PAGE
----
All children and young people have the right to learn in a safe and healthy environment free from bullying, harassment and intimidation in all forms. Unfortunately, bullying still happens inside and outside of school, but most cases are resolved quickly.

Bullying is best understood as a set of harmful behaviours directed at one person or a group. It can include verbal, physical, psychological or socially harmful behaviours that can inflict harm, stress and injury.

Early Warning Signs

The difficulty of knowing if a child is being bullied, is one that worries parents, teachers and carers. One or more changes in a child’s mood, physical appearance and behaviours could be an indicator that a child in your care is being bullied.

It can be helpful to have supportive conversations with children and young people in your care to establish what they would do and who they would tell if they had a problem that was worrying them.

Recognising the warning signs early means you can take action to stop bullying, but be aware that not all children show these signs and these signs could also be a sign of other issues in a young person’s life.


We have put together 10 indicators you need to look out for:

  • 1. A change in sleeping patterns and frequent nightmares.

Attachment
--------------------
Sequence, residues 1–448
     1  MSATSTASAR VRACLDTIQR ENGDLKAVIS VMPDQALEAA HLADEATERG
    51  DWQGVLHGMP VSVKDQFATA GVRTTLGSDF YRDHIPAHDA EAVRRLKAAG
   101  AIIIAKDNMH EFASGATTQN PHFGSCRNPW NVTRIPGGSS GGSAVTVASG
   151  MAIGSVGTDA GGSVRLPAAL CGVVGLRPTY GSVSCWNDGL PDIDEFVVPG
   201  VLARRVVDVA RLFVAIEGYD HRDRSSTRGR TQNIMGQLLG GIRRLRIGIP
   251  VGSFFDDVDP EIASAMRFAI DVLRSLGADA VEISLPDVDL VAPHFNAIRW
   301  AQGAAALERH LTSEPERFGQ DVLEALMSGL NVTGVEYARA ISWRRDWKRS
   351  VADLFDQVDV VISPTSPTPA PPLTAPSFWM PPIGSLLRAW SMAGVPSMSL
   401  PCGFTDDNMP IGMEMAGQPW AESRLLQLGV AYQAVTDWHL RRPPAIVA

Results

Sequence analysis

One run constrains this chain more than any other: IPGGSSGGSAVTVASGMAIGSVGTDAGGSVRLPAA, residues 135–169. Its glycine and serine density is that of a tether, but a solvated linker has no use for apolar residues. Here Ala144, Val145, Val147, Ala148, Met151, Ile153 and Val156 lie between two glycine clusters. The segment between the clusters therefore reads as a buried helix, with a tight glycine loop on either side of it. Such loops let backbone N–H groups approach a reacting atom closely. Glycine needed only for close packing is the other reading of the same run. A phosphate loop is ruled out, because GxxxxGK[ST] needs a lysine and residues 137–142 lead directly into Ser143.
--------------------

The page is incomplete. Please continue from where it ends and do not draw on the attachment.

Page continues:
• 2. Not wanting to attend school – making up excuses as to why they don’t want to go.

  • 3. Returning home from school with ripped clothing or broken/missing belongings.
  • 4. Unexplained bruises, cuts and scratches on their body.
  • 5. Frequent headaches, sore stomach pains and possible fabrication of an illness.
  • 6. Irregular eating patterns, skipping meals, loss of appetite or returning from school hungrier than usual.
  • 7. A noticeable decline in standards of schoolwork.
  • 8. A nervous reluctance to use their mobile phones/internet.
  • 9. Unexplained avoidance of regular social activities with usual friendship groups.
  • 10. Showing unusual aggression, being disruptive or unreasonable.

If you are worried because you are witnessing these behaviours – it’s a sign you should take action. Talk to the child, open and honestly, this will help you identify a problem early. Bullying is very rarely a complete secret.

Young people might not use the word bullying when telling you about things that made them sad, upset or worried at school. If a child in your care confides in you or you suspect something is wrong at school, having a gentle well-planned conversation can help.

Further Support

Our Safety Centre – Information on how to block and report on popular platforms

GOV.UK – Making a complaint about bullying

NSPCC – Bullying and Cyberbullying

Internet Matters – Cyberbullying

Anti-Bullying Alliance – Advice for Parents

Bullying UK (Family Lives) Advice for Parents

DFE – Advice for Parents and Carers on Cyberbullying

Kidscape Advice for Parents and Carers

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